”As the greater Merrimack area has been hit particularly hard by water contamination issues, the approval of this loan is a critical step to ensure a reliable source of safe drinking water for years to come,” Morse said.

“As PFCs and other emerging contaminants are appearing in more places across the state, this project will enhance a water source to provide capacity to address contamination issues in the future.”

Billionaire Steyer passes on 2020 presidential runCalifornia hedge fund billionaire

Tom Steyer

decided that continuing his effort to promote the impeachment of President Trump was better than running against him.

Steyer told reporters at a Des Moines, Iowa news conference Wednesday afternoon that he had hired staff and a pollster to prepare for a run but ultimately decided against it.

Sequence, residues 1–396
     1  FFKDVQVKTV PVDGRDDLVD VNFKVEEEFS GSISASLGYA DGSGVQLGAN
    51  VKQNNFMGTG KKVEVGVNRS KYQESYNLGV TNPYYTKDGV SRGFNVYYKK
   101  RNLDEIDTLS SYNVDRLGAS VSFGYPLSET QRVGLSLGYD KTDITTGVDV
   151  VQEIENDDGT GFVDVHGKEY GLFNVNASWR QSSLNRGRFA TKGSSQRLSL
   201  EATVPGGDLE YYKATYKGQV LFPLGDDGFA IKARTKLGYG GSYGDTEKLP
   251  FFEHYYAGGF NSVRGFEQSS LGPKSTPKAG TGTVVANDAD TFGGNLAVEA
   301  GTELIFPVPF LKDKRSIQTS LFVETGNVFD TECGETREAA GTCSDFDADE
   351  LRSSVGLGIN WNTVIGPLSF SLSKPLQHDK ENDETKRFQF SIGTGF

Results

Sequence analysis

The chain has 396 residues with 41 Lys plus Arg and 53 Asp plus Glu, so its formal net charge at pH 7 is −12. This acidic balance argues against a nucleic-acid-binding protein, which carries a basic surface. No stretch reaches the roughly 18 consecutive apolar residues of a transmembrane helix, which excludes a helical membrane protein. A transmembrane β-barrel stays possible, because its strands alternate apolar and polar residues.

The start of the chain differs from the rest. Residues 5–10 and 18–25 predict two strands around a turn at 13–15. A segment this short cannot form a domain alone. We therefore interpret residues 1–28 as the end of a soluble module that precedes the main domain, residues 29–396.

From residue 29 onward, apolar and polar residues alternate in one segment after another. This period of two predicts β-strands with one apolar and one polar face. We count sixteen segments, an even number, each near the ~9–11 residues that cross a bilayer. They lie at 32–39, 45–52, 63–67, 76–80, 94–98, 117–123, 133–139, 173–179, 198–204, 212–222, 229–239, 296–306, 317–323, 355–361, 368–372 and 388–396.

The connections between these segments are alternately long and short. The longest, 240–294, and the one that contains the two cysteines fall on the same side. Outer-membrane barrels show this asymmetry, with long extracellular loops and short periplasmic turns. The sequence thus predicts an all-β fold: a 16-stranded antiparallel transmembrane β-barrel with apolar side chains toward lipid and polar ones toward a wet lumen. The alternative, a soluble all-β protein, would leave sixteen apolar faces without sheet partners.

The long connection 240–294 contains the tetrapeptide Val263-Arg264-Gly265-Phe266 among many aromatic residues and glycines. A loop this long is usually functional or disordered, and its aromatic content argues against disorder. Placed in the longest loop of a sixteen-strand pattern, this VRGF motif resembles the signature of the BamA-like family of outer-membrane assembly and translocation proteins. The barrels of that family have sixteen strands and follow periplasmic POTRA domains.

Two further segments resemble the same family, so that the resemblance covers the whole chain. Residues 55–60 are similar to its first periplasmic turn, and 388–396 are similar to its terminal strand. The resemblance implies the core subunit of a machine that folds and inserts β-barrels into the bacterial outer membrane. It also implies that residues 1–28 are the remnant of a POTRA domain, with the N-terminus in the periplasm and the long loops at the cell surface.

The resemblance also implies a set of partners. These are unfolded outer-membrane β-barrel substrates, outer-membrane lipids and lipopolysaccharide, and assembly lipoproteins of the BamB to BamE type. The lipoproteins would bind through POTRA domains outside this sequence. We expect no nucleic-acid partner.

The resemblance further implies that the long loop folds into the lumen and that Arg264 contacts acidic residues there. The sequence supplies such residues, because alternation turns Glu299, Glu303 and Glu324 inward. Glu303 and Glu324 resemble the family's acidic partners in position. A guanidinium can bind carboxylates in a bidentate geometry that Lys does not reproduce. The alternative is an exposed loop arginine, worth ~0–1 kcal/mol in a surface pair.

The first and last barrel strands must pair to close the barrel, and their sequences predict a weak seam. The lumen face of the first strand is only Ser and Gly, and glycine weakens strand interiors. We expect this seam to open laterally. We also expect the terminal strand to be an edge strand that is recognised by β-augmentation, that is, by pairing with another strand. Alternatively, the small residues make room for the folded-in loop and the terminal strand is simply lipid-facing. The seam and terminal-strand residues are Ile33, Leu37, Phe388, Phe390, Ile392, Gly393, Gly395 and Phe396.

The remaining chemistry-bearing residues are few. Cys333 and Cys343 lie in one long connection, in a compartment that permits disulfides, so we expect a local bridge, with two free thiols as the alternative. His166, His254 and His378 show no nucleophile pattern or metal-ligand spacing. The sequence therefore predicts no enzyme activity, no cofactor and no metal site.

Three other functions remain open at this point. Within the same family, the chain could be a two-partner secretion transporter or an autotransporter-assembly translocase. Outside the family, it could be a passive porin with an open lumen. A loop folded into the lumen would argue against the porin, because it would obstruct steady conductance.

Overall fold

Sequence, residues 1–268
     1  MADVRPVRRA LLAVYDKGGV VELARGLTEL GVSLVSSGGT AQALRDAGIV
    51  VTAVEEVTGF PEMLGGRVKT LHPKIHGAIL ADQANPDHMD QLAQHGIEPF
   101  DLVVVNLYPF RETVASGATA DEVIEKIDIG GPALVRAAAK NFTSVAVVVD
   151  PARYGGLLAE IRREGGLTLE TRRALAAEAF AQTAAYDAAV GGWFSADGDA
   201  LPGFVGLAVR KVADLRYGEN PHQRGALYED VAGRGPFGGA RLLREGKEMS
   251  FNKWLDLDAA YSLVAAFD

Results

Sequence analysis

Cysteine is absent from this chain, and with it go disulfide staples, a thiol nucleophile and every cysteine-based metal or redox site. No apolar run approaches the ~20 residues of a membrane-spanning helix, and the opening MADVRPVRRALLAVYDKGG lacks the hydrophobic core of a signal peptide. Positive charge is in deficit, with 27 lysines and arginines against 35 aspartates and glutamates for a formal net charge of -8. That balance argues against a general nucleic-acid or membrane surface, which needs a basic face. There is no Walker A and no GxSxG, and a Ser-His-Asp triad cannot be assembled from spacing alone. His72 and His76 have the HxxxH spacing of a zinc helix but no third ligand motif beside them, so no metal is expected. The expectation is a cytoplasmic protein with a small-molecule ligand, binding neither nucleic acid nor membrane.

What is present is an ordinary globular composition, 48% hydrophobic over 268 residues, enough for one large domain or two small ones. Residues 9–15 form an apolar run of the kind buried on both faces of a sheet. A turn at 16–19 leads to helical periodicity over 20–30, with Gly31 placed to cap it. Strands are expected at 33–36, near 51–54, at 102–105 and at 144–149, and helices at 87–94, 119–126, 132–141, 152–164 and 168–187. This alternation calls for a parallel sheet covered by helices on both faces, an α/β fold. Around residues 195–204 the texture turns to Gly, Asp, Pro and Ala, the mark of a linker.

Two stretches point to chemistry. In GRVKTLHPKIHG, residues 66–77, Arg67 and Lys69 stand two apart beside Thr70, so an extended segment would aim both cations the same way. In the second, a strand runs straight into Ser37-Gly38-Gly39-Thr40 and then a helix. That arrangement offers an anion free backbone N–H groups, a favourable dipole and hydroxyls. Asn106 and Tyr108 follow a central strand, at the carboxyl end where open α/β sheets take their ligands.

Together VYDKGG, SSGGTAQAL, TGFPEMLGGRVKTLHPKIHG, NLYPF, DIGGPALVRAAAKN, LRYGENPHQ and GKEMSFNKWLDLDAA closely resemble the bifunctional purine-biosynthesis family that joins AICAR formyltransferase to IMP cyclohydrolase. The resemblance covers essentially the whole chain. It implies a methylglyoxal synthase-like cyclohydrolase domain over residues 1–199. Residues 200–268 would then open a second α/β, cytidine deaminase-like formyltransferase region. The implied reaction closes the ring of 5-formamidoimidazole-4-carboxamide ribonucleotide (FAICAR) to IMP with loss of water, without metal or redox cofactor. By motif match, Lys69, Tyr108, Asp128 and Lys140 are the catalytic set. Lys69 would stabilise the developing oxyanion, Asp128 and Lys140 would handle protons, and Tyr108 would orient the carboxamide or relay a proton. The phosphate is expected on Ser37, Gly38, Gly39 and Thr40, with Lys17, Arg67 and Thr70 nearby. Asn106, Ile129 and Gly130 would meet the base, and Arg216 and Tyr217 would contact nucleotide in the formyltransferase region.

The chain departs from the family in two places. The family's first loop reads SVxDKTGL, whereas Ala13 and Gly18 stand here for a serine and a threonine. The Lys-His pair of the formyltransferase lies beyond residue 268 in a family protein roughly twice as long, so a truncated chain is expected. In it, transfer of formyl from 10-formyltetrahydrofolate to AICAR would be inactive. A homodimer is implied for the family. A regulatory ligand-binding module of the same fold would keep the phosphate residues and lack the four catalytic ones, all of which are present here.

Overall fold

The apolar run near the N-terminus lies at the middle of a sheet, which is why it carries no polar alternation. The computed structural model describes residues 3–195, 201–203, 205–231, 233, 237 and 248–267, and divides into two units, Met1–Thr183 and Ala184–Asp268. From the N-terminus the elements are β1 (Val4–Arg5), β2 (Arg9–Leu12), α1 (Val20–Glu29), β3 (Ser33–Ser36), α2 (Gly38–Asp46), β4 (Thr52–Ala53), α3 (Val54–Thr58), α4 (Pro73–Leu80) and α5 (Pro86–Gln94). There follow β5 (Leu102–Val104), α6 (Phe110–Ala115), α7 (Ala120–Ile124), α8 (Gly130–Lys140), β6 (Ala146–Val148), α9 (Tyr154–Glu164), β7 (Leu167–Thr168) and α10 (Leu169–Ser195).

He’s instead pleaded to add another $40 million into the impeachment drive that Steyer had already spent $40 million on.

“Most people come to Iowa around this time to announce a campaign for President,” Steyer said in prepared remarks. “But I am proud to be here to announce that I will do whatever it takes, for as long as it takes, to remove a President.”

Right-to-Know group weighs in on ombudsman billsLeaders of Right to Know NH are urging the Legislature to support one of two competing measures to create an ombudsman and a citizen’s right to appeal decisions by governmental bodies regarding their requests for open records.


David Saad

said his organization is backing a measure still in the drafting stages from Rep.

Kenneth Weyler

, R-Kingston.

The group prefers this one to a competing bill (HB 103) from Rep. Lynne Ober, R-Hudson, that faced a public hearing on Wednesday.

Saad said her bill would attach the ombudsman to the Department of Justice and Right to Know NH preferred it be an impartial body.

The group also protested as too high a $300 fee to file a petition with the ombudsman.